LONDON: Iran-backed militias in Iraq’s Popular Mobilization Forces (PMF) employ assassinations, kidnappings and other forms of violence in order to protect the income they derive from widespread and deep-rooted corruption in Iraq, a panel of experts said on Thursday.
At an online event hosted by British think tank Chatham House and attended by Arab News, Mohammad Al-Hakim, senior advisor on economic reform to Iraq’s prime minister, said the country’s corruption crisis extends back to the days of Saddam Hussein’s rule, but is now systemic, politically sanctioned and backed by the threat of violence by Iran-backed groups.
“There’s a deep problem with the structure of the Iraqi state. This is very much a legacy that needs to be addressed,” Al-Hakim said. “The Iraqi state system has been deteriorating over 50 years.”
Iraq ranks in the bottom 20 countries in the world in Transparency International’s Corruption Perceptions Index.
Government employees from the bottom to the top of Iraqi governance are engaging in systematic corruption, said Al-Hakim.
At the highest levels of the Iraqi state, civil servants have developed relationships with politicians that they use to line their own pockets and make money for their political allies.
Maya Gebeily, Middle East correspondent at the Thomson Reuters Foundation, said one of the underpinnings of this system is the PMF, which operates as a “cartel,” using violence to suppress any opposition or attempt to upturn the status quo.
“It’s important to think about this corruption as a cartel. There are players in the cartel who agree with each other on how to divvy up the spoils that are coming in either from tariffs, from a specific project, or into the ministry,” she added.
“That’s why there are no ‘turf wars’ … because everyone is benefitting from this system. As soon as the bodies start showing up, that means an economic loss.”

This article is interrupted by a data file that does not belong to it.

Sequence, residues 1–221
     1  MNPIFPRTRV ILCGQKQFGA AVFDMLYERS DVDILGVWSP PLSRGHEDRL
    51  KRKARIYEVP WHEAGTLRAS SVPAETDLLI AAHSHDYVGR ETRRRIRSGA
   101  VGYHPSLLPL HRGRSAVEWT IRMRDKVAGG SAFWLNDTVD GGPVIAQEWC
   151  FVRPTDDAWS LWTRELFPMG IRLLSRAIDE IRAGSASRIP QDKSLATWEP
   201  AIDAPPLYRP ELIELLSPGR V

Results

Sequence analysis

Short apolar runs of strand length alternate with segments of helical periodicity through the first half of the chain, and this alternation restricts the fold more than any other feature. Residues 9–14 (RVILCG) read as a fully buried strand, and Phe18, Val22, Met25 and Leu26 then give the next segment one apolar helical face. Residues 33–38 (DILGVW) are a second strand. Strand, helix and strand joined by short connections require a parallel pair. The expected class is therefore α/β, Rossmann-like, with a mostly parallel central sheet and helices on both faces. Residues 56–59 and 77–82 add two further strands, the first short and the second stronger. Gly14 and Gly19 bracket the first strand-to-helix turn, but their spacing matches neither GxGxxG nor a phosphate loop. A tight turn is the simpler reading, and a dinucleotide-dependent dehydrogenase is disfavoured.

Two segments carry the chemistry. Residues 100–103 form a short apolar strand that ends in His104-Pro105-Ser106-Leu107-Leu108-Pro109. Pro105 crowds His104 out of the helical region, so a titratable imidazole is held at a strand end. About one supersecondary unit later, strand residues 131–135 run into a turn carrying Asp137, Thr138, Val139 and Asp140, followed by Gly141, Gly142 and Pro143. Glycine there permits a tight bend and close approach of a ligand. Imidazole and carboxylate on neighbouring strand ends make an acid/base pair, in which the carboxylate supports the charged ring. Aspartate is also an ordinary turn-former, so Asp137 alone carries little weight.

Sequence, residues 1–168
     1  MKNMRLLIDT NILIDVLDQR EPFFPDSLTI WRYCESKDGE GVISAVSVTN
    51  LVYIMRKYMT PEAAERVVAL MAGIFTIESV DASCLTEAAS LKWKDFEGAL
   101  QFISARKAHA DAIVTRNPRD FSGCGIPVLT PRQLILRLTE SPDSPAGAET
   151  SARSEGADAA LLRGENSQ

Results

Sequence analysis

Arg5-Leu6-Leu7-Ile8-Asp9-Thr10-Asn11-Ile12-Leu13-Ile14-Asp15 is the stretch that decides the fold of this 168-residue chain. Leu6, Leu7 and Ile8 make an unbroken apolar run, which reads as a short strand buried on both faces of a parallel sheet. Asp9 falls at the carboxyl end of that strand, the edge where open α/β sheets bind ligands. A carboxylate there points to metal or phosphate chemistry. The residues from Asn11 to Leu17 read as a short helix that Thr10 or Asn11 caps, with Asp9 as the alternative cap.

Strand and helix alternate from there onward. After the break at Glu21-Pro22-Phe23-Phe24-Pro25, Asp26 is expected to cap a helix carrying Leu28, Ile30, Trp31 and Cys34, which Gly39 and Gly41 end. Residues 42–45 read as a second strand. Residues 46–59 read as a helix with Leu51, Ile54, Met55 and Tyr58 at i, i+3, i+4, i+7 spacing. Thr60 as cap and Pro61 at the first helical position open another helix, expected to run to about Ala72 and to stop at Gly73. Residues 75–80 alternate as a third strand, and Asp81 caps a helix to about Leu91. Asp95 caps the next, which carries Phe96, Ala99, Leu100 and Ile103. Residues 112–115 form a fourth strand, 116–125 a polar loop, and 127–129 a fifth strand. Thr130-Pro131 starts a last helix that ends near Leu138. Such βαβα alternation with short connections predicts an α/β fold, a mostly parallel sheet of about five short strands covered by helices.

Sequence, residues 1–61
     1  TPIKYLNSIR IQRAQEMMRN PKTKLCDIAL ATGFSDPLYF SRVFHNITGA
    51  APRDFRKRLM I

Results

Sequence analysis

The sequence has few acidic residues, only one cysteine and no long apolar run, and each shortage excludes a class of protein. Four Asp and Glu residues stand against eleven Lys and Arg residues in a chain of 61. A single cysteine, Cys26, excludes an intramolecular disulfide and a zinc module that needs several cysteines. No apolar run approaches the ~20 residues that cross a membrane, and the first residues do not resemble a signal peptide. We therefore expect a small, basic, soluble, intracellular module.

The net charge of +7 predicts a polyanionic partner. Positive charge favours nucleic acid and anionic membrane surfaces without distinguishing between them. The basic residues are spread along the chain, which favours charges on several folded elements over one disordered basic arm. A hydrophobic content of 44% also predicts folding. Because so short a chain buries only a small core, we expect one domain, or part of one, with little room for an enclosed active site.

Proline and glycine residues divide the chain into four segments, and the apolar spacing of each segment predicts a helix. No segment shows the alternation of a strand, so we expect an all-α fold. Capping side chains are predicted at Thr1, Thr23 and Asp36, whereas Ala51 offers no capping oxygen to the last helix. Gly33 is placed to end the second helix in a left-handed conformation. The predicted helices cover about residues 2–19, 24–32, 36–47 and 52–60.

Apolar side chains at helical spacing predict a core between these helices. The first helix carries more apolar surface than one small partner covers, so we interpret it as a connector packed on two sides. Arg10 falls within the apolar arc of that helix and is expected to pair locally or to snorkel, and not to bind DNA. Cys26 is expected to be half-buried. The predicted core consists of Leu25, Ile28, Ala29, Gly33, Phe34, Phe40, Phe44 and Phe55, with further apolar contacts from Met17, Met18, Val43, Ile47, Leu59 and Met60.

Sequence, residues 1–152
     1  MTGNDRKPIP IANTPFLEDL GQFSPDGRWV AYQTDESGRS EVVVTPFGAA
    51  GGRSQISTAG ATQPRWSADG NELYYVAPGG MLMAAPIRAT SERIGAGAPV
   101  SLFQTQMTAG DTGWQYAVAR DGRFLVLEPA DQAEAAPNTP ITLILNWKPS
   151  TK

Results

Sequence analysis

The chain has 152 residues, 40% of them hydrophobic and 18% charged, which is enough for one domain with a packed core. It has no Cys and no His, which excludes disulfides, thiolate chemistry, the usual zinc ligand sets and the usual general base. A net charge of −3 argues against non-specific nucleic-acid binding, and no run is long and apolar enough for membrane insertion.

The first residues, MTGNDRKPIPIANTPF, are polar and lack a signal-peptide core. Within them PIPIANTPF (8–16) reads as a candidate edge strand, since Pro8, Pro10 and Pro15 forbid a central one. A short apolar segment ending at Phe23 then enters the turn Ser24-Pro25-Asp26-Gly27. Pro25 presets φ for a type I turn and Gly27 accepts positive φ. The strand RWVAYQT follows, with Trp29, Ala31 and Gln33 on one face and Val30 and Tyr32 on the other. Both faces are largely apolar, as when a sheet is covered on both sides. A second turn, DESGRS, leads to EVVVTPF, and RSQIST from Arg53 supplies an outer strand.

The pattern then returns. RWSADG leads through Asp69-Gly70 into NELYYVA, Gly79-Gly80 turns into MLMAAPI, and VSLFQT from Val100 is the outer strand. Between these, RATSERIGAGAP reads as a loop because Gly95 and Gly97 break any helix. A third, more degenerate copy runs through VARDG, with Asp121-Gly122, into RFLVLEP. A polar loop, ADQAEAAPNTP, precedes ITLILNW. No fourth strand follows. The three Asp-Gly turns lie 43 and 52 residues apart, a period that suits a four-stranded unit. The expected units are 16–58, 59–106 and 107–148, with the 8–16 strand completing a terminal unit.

But that has not deterred the militias from violence, Gebeily said. They just do not use it against each other.
“What they’re doing is using violence against anybody who’s trying to root out corruption. Researchers, activists and others who’ve been extremely vocal about corruption have been kidnapped, murdered or otherwise harassed,” she said.
Law-abiding officials have been physically threatened, beaten up or had their families attacked when they refused to be complicit in corruption.
“Armed groups use violence as an enforcement mechanism to make sure their economic interests are secured,” said Gebeily.
“Let’s say you want to import cigarettes. Cigarettes are extremely lucrative to import, so you need an extremely powerful group — and the one I discovered was importing them was Kata’ib Hezbollah — to be involved in that import.”
Iraq’s most powerful armed militia, Kata’ib Hezbollah has directly attacked US forces in the country.
It is also widely believed to be behind a string of assassinations and kidnappings, including that of Hisham Al-Hashimi, a journalist who described the Iran-backed group as “the strongest and most dangerous group in the so-called Islamic resistance.”
Renad Mansour, director of the Iraq Initiative at Chatham House, said: “If we’re talking about power and where it lies in the Iraqi state, you only need look at the attempt by the prime minister to arrest Qasem Muslih, the leader of a brigade in the PMF, and why the prime minister was unable to keep someone who he accused of having a role in assassinations in jail.”
Mansour added: “Actually, these aren’t just militias. They have more connectivity to Iraq’s Parliament, to Iraq’s judiciary, than the prime minister does. They’re effectively connected to power in a more central way than the traditional and formal heads of state.”
This reveals the true and farcical nature of power in Iraq, Mansour said. “Those sitting on top of the system struggle with access to the state that they’re meant to be head of,” he added.
“Those apparently sitting outside the state actually have more connectivity to the essence, the power, the core of the state.”